Lizzie Neville [centre] with current and past interns

Lizzie Neville ACR is a book conservator with a huge amount of experience working with numerous organisations, she now has her own studio working with both private and institutional clients and has worked with many artists in the making of their limited edition books.

She formed and is director of PZ Conservation. Under her guidance PZ Conservation provides training opportunities for conservator-restorers and archivists to develop and improve skills. They open up opportunities for collaboration between trainees and libraries, museums, archives, corporate and private collections, with emphasis on regions, organisations or minority groups who are less able to access the support of heritage professionals. They also aim to raise awareness and educate, through an interactive approach, the public and afore-mentioned organisations, on the roles conservation-restoration plays in the preservation of cultural heritage and the value of information access.

Lizzie Neville says “PZ Conservation is very excited about working on another collaborative arts and heritage project with Bernard Irwin and Jesse Leroy Smith for the “Tinth” anniversary.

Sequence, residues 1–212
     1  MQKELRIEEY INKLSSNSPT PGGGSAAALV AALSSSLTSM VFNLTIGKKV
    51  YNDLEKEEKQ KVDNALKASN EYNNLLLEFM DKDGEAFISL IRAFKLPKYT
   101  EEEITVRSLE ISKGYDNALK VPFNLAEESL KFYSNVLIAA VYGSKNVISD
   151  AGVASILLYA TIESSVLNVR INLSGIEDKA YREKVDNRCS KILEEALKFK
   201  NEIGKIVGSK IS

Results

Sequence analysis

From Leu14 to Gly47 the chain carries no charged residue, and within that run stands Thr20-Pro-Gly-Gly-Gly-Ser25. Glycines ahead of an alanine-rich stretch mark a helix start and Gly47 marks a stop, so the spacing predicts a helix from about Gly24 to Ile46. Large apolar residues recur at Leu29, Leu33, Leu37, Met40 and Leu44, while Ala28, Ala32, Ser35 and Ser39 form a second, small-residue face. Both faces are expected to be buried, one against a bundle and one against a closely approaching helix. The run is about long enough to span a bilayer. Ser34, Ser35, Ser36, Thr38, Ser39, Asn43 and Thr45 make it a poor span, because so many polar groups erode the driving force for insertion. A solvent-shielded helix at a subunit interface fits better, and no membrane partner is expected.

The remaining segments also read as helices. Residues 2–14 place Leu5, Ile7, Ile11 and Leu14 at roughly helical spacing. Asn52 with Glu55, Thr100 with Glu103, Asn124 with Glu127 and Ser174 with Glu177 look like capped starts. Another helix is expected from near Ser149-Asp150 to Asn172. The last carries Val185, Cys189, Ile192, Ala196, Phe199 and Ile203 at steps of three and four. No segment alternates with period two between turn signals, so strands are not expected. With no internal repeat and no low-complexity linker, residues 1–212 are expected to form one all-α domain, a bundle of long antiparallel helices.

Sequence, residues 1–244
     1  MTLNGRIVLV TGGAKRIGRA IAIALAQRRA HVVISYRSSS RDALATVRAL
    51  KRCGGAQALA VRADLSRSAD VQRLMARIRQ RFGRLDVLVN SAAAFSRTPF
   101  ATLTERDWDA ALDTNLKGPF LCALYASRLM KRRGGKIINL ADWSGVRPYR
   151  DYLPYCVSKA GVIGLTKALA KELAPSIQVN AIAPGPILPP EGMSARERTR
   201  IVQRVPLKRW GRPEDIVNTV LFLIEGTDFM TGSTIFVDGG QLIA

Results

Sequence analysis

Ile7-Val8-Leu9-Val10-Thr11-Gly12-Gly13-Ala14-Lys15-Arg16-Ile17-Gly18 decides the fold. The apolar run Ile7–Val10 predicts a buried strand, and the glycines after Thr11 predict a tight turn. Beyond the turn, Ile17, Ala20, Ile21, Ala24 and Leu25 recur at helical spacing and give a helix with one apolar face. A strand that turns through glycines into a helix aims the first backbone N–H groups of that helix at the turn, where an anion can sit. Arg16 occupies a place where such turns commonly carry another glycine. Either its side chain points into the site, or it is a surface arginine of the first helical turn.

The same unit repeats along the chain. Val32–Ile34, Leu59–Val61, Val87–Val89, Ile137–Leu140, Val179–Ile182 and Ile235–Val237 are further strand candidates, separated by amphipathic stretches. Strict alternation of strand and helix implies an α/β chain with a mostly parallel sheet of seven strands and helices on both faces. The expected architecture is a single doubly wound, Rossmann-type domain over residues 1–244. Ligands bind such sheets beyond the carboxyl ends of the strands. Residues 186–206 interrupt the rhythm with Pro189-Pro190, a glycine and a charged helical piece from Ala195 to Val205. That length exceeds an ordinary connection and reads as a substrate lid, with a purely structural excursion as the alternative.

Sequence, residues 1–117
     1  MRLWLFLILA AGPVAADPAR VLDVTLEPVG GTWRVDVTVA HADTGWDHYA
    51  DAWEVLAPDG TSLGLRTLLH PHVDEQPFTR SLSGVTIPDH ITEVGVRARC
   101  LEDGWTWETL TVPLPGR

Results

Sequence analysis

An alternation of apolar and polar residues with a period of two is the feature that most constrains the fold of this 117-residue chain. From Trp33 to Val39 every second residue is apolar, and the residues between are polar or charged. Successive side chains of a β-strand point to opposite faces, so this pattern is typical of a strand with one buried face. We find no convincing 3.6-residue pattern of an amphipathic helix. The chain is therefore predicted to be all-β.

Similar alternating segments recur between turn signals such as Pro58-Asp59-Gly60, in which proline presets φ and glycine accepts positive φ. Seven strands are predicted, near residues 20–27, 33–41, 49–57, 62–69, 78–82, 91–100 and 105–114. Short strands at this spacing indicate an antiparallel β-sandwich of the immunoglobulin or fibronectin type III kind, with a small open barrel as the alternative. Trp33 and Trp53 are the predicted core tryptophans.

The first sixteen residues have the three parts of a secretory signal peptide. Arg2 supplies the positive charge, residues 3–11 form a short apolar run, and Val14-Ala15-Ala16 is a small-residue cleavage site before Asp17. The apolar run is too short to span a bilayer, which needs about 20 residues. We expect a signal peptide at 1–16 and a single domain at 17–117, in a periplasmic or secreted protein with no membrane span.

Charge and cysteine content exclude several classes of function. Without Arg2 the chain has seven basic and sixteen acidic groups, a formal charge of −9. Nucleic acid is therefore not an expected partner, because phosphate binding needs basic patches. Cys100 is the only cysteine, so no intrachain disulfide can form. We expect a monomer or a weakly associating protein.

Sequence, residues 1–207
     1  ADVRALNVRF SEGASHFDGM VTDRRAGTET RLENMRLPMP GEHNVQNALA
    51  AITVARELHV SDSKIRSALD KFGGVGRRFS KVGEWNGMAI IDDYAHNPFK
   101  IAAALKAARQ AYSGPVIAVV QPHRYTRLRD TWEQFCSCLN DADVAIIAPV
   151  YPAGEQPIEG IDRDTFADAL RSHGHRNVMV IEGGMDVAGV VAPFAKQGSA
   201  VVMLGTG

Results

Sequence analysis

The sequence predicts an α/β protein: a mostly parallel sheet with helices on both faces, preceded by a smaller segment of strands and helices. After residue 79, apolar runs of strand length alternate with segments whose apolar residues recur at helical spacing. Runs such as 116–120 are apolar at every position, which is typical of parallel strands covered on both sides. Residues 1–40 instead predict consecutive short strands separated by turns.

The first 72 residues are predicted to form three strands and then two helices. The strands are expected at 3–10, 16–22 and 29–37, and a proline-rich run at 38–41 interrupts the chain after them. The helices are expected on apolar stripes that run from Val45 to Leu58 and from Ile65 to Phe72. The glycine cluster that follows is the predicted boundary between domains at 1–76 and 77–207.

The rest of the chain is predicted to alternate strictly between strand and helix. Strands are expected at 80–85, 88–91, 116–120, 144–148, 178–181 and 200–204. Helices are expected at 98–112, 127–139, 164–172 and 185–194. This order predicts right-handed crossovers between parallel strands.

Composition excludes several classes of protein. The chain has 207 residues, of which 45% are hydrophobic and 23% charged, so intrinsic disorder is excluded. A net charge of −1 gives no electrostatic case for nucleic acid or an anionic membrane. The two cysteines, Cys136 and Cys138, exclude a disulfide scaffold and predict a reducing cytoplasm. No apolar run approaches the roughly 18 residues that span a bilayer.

We have already worked together on two other successful projects; the PRINT exhibition and workshops at the Exchange Gallery, Penzance and Travelogue KerNOW, the touring print and binding workshop programme. Both these projects show how well we can bring together arts and heritage practitioners to create something that merges creative experience with a greater understanding of heritage crafts plus getting people to participate in making unique works about their communities.

From our point of view there are added bonuses as a project like this provides a showcase for the work our own organisation does in training and outreach. It also provides a fantastic opportunity for our HLF funded conservation trainees to gain first hand experience of community engagement activities and to exchange skills with the artists and gain an understanding of how they go about visualising the material collected.”

Visit the PZ Conservation blog here